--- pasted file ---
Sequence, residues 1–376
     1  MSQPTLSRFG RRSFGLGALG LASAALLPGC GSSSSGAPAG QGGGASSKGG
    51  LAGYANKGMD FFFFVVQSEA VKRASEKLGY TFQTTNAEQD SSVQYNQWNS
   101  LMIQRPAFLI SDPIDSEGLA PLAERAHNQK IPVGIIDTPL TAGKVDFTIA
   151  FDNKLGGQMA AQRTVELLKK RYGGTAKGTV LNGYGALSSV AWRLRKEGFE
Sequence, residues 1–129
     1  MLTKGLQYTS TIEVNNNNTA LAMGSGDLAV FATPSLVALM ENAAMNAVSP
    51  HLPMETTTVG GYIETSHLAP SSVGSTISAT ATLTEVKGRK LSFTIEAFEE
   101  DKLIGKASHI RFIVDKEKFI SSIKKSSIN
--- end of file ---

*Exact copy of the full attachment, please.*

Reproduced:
Sequence, residues 1–376
     1  MSQPTLSRFG RRSFGLGALG LASAALLPGC GSSSSGAPAG QGGGASSKGG
    51  LAGYANKGMD FFFFVVQSEA VKRASEKLGY TFQTTNAEQD SSVQYNQWNS
   101  LMIQRPAFLI SDPIDSEGLA PLAERAHNQK IPVGIIDTPL TAGKVDFTIA
   151  FDNKLGGQMA AQRTVELLKK RYGGTAKGTV LNGYGALSSV AWRLRKEGFE
Sequence, residues 1–129
     1  MLTKGLQYTS TIEVNNNNTA LAMGSGDLAV FATPSLVALM ENAAMNAVSP
    51  HLPMETTTVG GYIETSHLAP SSVGSTISAT ATLTEVKGRK LSFTIEAFEE
   101  DKLIGKASHI RFIVDKEKFI SSIKKSSIN